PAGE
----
At the headquarters of the Syrian Democratic Forces in Ainissa, the normally bustling offices were thinly populated on a recent day as the Kurdish-dominated coalition shifted its fighters to battle against the Turkish invasion in northwestern Syria.
Haqi Kobani, the deputy commander of the S.D.F., was holding down the fort in his capacious office, where a portrait of Abdullah Ocalan, the imprisoned leader of the Kurdistan Workers’ Party, or P.K.K., had pride of place. While Kurds hold most of the leadership positions, the S.D.F. is a majority Arab force now, engaged with the Americans in the fight against the Islamic State, mostly in Arab rather than Kurdish areas of Syria.
“Arabs love Abdullah Ocalan too,” Mr. Kobani said, casting a glance at the portrait. “There’s nothing hidden from our side. Everything we do is obvious and clear to the world.”
Many Arabs would probably differ about their love of Mr. Ocalan, whose socialist, radically egalitarian philosophy of governance holds sway throughout the autonomous region, known as Rojava, that the Kurds have carved out in Syria, with the help of the American-led international coalition. Their uneasy alliance, held together by the fight against the Islamic State, could be severely tested as the Kurds expand their control.
Kurdish aspirations will also come up against an implacable Turkey, which regards a self-governing Kurdish region across its southern border, and controlled by the P.K.K., as nothing short of an existential threat. Those fears led to the offensive against Afrin, the eastern region of Rojava, and Turkey has even talked about attacking further east, which would put it in conflict with American forces.
In the face of those daunting obstacles, the Kurds have been slowly and systematically building Rojava, knowing that eventually the war would end and the truly difficult job of managing the peace would begin.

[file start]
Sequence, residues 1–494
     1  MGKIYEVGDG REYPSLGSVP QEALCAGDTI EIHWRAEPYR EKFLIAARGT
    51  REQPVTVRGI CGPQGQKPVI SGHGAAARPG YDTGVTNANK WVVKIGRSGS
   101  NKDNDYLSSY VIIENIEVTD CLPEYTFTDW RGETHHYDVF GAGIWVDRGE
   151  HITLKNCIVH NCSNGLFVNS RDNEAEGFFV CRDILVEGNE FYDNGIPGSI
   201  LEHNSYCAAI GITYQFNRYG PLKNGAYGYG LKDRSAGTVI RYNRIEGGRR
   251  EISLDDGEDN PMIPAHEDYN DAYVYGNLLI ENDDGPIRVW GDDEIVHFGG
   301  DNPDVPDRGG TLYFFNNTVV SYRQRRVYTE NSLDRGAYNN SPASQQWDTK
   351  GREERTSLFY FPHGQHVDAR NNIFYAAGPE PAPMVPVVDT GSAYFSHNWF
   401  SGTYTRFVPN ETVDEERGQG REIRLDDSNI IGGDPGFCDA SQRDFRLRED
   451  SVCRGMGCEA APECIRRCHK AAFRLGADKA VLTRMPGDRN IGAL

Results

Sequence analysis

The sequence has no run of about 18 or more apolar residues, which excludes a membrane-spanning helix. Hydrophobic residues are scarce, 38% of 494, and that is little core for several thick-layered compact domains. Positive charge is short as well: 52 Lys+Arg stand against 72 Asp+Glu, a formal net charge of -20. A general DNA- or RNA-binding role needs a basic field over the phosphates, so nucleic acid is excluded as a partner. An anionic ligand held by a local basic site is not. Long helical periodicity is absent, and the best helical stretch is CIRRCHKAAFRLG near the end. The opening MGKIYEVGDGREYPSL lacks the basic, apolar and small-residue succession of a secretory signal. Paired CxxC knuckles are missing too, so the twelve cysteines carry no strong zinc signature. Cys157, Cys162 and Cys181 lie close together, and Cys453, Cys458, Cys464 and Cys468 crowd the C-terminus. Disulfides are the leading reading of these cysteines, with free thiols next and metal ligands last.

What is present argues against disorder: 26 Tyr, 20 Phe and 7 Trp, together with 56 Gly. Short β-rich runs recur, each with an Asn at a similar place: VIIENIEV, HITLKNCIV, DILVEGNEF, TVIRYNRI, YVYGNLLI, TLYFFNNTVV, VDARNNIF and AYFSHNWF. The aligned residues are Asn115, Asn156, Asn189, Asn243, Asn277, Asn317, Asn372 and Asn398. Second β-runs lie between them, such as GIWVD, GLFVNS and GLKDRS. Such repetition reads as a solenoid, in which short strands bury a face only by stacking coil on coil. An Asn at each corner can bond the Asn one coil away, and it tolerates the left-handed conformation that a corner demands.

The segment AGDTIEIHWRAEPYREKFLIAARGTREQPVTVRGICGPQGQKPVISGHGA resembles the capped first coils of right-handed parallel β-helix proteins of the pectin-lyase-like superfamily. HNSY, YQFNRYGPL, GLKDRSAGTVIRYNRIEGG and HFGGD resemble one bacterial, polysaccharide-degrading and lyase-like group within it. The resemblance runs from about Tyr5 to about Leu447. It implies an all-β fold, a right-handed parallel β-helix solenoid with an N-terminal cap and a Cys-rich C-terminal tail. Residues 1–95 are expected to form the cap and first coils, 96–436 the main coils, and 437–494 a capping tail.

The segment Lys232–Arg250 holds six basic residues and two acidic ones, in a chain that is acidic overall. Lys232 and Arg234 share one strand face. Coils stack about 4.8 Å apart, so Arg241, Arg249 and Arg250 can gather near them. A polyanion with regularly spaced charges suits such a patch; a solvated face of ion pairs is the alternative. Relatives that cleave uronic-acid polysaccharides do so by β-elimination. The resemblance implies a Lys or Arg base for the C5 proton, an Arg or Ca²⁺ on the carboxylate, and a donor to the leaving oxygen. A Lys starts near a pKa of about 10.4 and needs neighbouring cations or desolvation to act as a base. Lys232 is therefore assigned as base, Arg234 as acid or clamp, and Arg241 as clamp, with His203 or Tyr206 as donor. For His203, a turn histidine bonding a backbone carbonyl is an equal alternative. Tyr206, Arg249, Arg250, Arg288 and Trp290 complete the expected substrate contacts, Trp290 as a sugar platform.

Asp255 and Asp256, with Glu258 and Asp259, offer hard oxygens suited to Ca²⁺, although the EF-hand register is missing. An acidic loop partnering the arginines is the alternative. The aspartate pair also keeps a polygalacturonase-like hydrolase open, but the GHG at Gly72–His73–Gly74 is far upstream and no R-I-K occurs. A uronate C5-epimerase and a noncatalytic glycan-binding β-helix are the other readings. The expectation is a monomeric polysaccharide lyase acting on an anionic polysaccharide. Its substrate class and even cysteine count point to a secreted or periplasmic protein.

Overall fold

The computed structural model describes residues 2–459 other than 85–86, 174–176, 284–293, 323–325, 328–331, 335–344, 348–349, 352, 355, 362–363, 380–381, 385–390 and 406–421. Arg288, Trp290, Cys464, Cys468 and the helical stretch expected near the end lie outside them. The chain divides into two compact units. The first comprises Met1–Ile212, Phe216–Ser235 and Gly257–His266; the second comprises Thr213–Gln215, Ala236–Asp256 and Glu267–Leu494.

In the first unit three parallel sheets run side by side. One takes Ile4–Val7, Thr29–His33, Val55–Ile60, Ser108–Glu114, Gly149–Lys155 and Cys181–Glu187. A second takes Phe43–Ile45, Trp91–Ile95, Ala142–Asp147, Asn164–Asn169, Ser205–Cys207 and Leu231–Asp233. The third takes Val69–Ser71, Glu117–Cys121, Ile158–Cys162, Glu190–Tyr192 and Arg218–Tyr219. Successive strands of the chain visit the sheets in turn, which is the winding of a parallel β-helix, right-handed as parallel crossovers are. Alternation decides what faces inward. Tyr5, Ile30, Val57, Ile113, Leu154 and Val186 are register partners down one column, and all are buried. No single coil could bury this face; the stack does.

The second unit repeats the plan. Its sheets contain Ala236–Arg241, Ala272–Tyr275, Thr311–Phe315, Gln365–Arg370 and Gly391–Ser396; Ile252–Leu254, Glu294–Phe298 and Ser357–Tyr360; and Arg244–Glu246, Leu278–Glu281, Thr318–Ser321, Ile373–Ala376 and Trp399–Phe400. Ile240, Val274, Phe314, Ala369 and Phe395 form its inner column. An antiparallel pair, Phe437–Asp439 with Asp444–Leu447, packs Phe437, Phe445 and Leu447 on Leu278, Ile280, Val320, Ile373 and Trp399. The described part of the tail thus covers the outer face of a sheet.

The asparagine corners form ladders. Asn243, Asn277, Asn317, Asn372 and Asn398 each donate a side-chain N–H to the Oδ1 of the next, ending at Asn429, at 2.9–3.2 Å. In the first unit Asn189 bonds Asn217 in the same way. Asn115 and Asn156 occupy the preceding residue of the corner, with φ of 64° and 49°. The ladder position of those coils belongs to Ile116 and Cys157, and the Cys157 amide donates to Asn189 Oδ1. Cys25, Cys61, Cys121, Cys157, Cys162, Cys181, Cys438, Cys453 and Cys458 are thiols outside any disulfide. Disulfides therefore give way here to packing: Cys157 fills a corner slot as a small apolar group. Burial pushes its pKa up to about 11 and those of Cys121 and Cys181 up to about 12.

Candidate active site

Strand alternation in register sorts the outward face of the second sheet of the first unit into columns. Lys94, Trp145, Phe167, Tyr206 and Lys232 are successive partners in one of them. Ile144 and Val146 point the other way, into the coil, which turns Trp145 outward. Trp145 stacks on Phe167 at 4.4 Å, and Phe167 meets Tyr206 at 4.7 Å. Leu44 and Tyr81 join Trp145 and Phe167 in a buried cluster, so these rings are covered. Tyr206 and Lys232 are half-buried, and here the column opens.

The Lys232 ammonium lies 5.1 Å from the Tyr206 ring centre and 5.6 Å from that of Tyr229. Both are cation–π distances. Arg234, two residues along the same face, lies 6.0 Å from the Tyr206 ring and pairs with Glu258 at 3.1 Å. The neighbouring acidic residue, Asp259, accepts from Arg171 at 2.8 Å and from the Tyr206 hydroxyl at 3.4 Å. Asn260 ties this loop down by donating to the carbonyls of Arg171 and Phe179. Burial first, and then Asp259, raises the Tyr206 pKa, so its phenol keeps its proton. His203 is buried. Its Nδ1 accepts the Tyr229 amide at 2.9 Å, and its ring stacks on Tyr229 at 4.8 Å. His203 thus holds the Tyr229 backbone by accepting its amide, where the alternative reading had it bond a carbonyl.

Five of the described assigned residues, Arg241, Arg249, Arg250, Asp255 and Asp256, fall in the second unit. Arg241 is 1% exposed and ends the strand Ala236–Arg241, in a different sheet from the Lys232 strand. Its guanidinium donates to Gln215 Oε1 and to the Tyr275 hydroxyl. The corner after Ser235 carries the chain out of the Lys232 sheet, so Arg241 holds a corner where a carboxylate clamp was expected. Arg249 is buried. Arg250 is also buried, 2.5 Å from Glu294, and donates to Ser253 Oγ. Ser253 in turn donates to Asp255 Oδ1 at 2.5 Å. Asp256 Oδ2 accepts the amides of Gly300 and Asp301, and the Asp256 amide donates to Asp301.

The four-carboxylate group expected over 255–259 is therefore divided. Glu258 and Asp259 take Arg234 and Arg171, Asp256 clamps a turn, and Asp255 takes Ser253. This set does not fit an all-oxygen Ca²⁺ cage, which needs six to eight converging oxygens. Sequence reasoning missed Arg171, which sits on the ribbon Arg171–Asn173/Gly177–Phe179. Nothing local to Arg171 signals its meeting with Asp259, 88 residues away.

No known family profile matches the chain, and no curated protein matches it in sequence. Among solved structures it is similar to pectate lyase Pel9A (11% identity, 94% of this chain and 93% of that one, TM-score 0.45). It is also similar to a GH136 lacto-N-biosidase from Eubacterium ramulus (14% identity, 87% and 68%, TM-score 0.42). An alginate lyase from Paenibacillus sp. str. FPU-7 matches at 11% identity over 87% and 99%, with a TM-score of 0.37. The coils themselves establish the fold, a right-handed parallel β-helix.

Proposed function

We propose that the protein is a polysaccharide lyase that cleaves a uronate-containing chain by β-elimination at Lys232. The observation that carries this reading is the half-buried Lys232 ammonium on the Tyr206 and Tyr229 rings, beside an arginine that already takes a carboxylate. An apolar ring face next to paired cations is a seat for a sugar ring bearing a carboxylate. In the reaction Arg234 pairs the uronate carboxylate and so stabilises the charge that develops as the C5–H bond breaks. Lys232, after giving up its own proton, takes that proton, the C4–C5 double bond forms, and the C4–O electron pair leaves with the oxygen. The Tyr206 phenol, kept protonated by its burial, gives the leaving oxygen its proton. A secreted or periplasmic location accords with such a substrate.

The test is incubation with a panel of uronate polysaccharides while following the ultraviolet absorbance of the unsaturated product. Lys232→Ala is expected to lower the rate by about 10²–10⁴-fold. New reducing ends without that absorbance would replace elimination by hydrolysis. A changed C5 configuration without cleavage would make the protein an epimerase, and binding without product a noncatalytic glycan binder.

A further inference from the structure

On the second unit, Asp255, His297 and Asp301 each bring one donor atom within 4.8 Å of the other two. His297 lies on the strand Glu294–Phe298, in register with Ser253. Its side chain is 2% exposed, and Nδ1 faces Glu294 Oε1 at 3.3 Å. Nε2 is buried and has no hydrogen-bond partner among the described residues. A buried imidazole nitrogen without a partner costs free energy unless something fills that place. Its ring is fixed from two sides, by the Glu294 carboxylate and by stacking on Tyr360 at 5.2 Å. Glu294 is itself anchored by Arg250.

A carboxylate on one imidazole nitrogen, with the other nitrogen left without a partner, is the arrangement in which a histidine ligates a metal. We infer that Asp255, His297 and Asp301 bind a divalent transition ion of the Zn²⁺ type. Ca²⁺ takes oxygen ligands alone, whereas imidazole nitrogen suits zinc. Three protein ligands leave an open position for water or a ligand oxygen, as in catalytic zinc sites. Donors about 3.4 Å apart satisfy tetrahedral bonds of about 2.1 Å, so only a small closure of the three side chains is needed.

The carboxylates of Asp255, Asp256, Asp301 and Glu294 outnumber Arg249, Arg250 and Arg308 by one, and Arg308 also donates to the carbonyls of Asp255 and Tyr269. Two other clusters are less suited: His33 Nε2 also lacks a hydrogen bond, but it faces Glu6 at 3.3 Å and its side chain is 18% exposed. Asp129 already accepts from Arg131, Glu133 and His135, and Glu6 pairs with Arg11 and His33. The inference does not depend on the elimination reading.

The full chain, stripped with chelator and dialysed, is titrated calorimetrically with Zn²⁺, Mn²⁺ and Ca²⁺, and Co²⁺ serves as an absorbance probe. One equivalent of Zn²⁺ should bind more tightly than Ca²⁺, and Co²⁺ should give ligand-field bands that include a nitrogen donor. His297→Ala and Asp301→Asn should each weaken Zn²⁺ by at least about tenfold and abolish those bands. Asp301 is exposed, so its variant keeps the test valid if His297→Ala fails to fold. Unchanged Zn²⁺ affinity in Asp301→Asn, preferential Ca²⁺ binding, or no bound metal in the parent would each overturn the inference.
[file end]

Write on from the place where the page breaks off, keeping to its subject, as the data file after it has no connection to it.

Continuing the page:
For six years they have been establishing local and regional governments, sending foreign affairs representatives abroad, collecting taxes, organizing socialist communes and raising militias. They often describe their revolution as “the project” or “the experiment,” the implementation of local self-governing democracy, freedom and equality for women and a socialist system inspired by anarchist and Marxist philosophies.
As the Islamic State has crumbled in the eastern part of Syria controlled by the Americans and the Syrian Democratic Forces, the Kurds have moved into what had been majority Arab areas, bringing Mr. Ocalan’s principles and governing philosophy along with them. Self-administration governments, after the Kurdish model, have been established in the city of Manbij since the Islamic State was defeated there in 2016, and recently even in Raqqa, after the coalition and their Kurdish-led allies drove the extremists from their self-declared capital last year.
On a recent visit to the predominantly Arab city of Manbij, outside Rojava, strains between the Kurdish leadership and the Arab populace were clearly visible, despite official efforts to deny the problem. But there were also signs of acceptance.
An Arab schoolteacher said most Arabs in the town were unhappy with what they see as a Kurdish government, but were afraid to speak out. For visiting journalists, it was difficult to speak to Arab residents without government minders insisting on being present.
Many Arabs, the schoolteacher said, speaking on the condition of anonymity because he feared detention, have been particularly unhappy since the reported arrests in early January of two Arab men, whose bodies were found 17 days later, dumped on the highway outside town.
Government officials at first promised journalists that they could visit family members of those who were killed, and also meet with a committee of Arab elders, set up to investigate the killings. The officials said both groups had absolved the Kurdish authorities of blame.
But the visit to the families was denied, and while the meeting with the committee did take place, it happened only in front of half a dozen Kurdish officials. Reached independently later, at the village of Kabor Emo outside Manbij, the father of one of the victims had a different story.
“It was the democratic government, I blame the democratic government,” said the father, Muhammad Omar al-Masri, but then he broke off the interview as villagers became angry and agitated at visitors.
Dealing with Arab populations is not the only problem that Mr. Ocalan presents for Kurdish aspirations. The group he leads from prison, the P.K.K., is a designated terrorist organization to Western countries, including the Kurds’ American allies. The Syrian Kurds claim they have nothing to do with the P.K.K., but Mr. Ocalan’s cultlike popularity in Rojava argues otherwise.